This surgery uses special cameras and instruments to operate through the nasal space on tumours in the pituitary gland and the skull base in front of and behind the pituitary gland. This surgery requires subspeciality training and again involves the collaboration of expert teams of ENT and neurosurgeons working together. These techniques have expanded the types of tumours that may be removed through this route and allow better visualisation and so more complete removal of tumours that have traditionally been more difficult to remove via this route.
Indications for surgery: Hormone secreting pituitary tumours (except prolactinomas) or pituitary tumours compressing surrounding structures. Tumours of the clivus or anterior cranial fossa.Other tumours arising from or within the sellaturcica.Odontoid brainstem compression (cranial settling).
Evidence for surgery: Surgical removal of hormone producing pituitary tumours or compressive tumours is the most effective treatment with the best chance or hormonal control and relief of pressure effects on surrounding structures.
Benefits of surgery: Hormone control to give the best chance of cure from these tumours. Return of function from compressed structures such as return of vision following compression of the eye nerves. Removal of tumours not previously suitable for surgical treatment.
Risks of surgery: Like all complex major brain surgery this carries a small risk of death, stroke and major disability. Risks also include arterial injury, blindness, infection / meningitis, loss of smell, CSF leakage, incomplete tumour removal, further tumour surgery and bleeding and crusting in the nose. As with all surgery there are risks relating to anaesthesia and post-operative medical risks such as blood clots and infections. Hormone replacement (tablets / sprays) may be needed to supplement the function of the pituitary gland after the surgery. The specific risks of your surgery will depend on the nature of your tumour and will be detailed before you make the decision to embark on surgery.
Post operatively care is in the neurosurgical high dependency unit with close monitoring of neurological function. You may wake up with packing or a surgical balloon in the nose. The operation is not usually painful but the nose may feel blocked and the face may feel ‘puffy’ after the surgery. Particular care is taken to ensure all of the normal pituitary hormones and the bodys salt balance are monitored after surgery. This will continue for several weeks and is performed together with the endocrinology (hormone) team. Particular care is also taken to ensure there is no leakage of brain and spine fluid (CSF) after the surgery from the nose. CSF leakage is manifested as a steady dripping of clear, salty tasting fluid either from the nose if leaning forward, or in the back of the throat when leaning back. The taste of the fluid is unpleasant. It is normal to have some blood and weeping from the nose surgery itself but if the fluid drip is steady and associated with headache you should return to the hospital. If we are unclear as to the nature of the fluid we can give you a specimen pot to obtain a sample and test the sample to prove it is CSF.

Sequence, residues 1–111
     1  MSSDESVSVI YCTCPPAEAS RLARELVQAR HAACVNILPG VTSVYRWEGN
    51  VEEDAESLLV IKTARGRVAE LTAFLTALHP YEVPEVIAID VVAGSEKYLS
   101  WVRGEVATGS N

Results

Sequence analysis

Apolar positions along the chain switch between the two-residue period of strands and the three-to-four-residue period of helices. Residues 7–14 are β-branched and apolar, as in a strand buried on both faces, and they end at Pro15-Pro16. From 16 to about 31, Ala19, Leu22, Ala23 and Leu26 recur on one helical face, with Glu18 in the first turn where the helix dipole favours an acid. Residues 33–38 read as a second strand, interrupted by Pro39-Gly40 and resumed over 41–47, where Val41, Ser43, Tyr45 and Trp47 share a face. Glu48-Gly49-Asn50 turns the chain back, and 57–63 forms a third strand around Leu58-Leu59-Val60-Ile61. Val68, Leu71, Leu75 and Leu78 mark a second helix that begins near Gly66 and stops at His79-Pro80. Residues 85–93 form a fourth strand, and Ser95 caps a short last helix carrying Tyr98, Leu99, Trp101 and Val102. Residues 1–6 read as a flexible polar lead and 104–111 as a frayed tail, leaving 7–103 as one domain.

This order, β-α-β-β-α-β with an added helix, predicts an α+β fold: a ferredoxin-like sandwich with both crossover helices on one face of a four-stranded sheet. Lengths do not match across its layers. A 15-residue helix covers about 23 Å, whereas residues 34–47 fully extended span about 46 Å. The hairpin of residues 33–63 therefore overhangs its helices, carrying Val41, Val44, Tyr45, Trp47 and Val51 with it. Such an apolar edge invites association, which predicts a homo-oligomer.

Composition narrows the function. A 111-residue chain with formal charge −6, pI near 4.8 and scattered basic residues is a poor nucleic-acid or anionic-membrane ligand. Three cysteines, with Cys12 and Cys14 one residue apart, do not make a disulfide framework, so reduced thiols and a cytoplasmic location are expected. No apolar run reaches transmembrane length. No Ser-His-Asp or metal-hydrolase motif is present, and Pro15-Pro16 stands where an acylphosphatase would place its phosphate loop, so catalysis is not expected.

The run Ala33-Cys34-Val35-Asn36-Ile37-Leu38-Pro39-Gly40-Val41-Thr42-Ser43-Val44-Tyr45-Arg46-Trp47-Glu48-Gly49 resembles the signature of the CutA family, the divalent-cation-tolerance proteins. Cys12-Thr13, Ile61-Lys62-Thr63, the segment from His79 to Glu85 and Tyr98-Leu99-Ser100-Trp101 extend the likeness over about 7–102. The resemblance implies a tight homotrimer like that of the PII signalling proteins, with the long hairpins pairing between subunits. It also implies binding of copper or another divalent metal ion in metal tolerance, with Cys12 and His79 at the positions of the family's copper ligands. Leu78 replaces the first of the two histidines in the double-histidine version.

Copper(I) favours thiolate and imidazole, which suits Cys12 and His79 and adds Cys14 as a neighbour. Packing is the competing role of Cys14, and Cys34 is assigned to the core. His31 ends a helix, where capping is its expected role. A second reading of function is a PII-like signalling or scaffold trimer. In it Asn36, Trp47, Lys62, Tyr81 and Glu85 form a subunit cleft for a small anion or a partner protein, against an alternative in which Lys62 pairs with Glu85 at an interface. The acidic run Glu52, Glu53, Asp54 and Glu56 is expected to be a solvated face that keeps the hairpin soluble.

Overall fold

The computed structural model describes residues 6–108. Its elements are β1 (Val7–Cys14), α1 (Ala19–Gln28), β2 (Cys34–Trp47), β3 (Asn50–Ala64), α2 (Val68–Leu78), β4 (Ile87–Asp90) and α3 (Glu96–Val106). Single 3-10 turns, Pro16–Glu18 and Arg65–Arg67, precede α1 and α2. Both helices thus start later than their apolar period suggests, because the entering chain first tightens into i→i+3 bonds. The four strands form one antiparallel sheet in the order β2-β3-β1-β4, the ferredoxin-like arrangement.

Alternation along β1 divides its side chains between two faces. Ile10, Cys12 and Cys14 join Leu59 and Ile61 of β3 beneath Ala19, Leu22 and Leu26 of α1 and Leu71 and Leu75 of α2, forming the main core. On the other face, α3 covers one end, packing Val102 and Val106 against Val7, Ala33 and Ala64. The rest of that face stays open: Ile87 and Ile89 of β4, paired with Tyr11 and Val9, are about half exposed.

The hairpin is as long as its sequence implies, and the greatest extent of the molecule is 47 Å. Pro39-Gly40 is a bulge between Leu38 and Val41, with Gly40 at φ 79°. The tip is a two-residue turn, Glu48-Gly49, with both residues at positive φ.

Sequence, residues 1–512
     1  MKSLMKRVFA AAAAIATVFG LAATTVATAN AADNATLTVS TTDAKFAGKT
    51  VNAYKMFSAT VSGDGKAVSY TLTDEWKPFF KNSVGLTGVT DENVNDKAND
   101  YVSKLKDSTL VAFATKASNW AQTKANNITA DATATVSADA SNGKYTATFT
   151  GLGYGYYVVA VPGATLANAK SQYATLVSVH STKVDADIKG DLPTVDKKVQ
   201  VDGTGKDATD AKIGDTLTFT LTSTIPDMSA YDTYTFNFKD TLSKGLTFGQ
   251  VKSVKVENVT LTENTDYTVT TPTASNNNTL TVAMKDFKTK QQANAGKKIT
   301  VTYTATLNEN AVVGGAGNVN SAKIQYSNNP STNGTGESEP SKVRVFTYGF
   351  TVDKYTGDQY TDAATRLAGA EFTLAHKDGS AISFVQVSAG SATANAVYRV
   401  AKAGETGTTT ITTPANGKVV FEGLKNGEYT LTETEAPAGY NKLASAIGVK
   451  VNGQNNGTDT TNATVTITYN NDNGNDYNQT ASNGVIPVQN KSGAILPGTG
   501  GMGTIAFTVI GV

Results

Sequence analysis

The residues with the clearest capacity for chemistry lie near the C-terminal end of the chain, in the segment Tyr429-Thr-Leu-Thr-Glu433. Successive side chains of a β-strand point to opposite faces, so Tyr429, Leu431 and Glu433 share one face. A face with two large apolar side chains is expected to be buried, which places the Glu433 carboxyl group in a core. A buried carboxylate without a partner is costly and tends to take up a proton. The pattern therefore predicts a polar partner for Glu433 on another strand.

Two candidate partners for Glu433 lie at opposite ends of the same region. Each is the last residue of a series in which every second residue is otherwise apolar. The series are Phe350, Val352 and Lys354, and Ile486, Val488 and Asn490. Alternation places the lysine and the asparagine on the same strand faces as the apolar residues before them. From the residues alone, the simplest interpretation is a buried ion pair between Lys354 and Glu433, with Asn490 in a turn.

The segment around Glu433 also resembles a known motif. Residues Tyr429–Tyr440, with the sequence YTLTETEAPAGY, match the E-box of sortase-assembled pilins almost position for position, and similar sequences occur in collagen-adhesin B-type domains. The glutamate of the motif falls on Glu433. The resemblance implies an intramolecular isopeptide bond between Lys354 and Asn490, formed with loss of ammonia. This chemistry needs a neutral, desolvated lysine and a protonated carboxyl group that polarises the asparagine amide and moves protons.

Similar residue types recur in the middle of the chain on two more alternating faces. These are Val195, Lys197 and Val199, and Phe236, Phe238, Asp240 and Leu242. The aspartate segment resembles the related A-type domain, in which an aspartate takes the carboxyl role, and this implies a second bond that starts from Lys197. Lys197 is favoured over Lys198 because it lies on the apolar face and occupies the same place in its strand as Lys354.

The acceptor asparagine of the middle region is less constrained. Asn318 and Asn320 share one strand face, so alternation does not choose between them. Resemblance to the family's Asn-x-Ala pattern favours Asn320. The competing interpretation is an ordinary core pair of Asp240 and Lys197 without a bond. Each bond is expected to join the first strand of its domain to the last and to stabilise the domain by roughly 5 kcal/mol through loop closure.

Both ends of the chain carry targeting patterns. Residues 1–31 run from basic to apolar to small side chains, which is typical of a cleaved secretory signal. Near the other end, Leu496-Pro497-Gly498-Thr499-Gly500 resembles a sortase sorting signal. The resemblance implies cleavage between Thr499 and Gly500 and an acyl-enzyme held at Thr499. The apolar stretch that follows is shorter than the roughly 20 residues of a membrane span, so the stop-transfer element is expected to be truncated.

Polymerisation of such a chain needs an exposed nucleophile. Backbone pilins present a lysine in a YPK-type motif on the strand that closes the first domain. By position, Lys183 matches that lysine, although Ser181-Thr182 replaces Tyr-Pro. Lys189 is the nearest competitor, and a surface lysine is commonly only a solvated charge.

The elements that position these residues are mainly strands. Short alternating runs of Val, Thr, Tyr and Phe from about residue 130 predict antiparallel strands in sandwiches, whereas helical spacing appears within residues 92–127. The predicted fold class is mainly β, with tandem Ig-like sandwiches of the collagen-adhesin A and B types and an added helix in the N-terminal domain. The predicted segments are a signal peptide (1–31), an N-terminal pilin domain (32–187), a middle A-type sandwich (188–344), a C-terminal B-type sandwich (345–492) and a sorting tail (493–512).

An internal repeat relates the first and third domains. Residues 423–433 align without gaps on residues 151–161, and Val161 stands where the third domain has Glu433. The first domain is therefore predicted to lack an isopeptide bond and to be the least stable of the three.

Post-operative stay is typically a few days following the surgery with an early outpatient appointment for a check of the nose with the ENT surgeons. You should wash out the nose several times a day with a special FESS spray as directed by the ENT surgeons.
If you are on hormone replacement tablets it is critical you take the tablets as directed by the endocrinologists. If you run out you need to obtain more tablets as they are very important. If you feel unwell you need to have urgent blood tests to make sure your salt levels are normal. This can be performed at your local emergency department. If you have fluid leakage from the nose you should present to your or the Royal Melbourne hospital emergency department.
You should not plan to return to work for 6 weeks after the surgery. During this time you will be tired and sleep more than usual. You should however be easily rousable. You should walk and perform light exercise but nothing strenuous. You should avoid blowing your nose. If your vision is normal and you are in full control of the car even in an emergency situation you may drive your car as long as the operation only involved the pituitary gland and not the brain itself. In that case you cannot drive until instructed to do so my myself or a neurologist.
After six weeks most likely you will be suitable to return to work in a graduated manner building up your hours and activities slowly over 3 months.